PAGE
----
In 2005, the LaConner Quilt Museum Invited me to curate an exhibit of Wini's needlework to run January - Feb 2006. It was a great catalyst to get me started in documenting her needlework. Inasmuch as I had saved 30 years of her correspondence, I relied heavily upon the letters I had saved to help create detailed documentation.
Wini helped organize many raffle quilt projects to raise funds for various non-profits throughout her quilting life. She was also instrumental in helping found the Enchanted Quilters of Lopez & Shaw Islands and the Northwest Quilting Connection, and created NQC's newsletter, serving as its editor for 12 years until her passing in August 1999. After Wini moved to Lopez Island in 1981, people occasionally addressed mail to her simply as "The Quilt Lady on Lopez Island" and the mail invariably reached her!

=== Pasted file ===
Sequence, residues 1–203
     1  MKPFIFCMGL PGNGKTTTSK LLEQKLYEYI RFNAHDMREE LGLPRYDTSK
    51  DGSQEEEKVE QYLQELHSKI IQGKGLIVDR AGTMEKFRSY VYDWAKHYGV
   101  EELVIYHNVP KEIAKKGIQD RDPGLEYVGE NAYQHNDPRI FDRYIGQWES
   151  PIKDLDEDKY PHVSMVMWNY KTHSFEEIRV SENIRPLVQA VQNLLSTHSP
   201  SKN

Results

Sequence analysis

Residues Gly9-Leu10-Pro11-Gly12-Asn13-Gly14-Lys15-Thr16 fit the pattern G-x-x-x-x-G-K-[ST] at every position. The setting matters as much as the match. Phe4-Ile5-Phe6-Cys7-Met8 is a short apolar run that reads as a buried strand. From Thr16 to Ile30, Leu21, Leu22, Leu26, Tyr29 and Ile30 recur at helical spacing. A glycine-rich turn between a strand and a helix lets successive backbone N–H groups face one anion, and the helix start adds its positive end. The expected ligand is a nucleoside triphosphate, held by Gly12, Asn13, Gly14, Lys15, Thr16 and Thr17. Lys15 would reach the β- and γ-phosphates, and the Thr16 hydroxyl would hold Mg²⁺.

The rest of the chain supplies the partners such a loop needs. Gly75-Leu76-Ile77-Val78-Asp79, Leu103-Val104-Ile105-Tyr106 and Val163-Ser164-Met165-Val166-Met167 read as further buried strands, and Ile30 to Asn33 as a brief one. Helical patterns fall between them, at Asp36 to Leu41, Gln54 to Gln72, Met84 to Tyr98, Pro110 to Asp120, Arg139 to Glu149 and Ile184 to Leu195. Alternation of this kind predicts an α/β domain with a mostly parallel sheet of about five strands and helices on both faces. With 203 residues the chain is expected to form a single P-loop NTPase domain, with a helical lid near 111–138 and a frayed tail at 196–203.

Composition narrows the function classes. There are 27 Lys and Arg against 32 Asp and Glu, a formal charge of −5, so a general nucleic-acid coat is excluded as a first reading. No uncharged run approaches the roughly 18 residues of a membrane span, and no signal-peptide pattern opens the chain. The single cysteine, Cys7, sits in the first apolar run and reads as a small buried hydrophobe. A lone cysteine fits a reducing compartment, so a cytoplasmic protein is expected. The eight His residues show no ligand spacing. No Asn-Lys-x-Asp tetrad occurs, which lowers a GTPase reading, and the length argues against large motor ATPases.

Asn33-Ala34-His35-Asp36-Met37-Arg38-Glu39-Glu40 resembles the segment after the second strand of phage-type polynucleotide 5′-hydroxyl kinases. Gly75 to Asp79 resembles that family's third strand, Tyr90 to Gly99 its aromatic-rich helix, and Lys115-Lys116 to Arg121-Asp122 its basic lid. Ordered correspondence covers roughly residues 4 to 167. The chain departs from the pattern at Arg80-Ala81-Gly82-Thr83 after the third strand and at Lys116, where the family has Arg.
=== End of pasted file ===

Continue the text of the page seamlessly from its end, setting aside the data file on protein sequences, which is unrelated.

Another great thing about these three quilts is that the kids designed them themselves without ever suspecting their grandmother would turn them into quilts. The eldest created her self-portrait at school by laying down on butcher block paper and having someone draw around her. Then she filled in the face and clothing. When she brought this home, the others wanted to make one, too, so I found similar paper and we made two more. Then I suggested we "send them off to Grandma so she can see how much you have grown." The rest is history.
The additional wonder of these quilts for my children is that Wini used scraps from actual clothing she had made them for the clothing on each quilt, so they recognized themselves immediately!
Wini began to make a list of the quilts she had made after I gave her a journal following my lecture “Documenting Our Lives As Quilters” at a National Quilters Association meeting in Bellingham, WA, in October 1985.
Remember the fawn in the tall grass in the backyard BEFORE we mowed?